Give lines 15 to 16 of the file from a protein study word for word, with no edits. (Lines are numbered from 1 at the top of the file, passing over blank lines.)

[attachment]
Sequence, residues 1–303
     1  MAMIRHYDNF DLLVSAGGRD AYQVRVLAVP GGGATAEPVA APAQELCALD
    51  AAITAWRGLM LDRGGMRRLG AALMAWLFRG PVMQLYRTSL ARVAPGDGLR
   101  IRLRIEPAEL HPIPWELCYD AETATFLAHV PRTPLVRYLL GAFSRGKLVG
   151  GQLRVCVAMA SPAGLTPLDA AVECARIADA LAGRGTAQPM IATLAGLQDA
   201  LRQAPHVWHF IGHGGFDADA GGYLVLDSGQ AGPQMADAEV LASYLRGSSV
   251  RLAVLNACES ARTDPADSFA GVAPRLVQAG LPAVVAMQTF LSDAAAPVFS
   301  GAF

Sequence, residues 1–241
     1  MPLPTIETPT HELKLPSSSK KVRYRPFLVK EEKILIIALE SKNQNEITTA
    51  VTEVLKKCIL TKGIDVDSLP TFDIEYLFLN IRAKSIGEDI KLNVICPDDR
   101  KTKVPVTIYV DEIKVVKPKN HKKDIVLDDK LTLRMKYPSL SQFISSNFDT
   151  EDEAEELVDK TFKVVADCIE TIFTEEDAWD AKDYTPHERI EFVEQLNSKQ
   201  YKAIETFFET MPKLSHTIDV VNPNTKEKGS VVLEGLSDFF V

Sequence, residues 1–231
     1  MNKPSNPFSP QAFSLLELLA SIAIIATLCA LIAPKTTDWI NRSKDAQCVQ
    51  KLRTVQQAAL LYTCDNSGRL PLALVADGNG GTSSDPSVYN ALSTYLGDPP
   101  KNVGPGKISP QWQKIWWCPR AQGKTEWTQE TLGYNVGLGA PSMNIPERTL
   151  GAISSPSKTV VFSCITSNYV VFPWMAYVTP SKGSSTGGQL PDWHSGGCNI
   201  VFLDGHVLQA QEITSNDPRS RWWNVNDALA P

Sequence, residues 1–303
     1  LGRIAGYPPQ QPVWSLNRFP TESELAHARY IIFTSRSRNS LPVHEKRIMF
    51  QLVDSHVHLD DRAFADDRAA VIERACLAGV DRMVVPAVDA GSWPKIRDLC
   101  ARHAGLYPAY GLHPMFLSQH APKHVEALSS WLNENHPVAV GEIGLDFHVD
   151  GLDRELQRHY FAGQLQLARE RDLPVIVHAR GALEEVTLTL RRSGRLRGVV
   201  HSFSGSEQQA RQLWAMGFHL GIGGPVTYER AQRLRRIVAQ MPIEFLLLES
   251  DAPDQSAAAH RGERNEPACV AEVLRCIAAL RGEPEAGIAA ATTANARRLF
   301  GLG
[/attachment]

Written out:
Sequence, residues 1–231
     1  MNKPSNPFSP QAFSLLELLA SIAIIATLCA LIAPKTTDWI NRSKDAQCVQ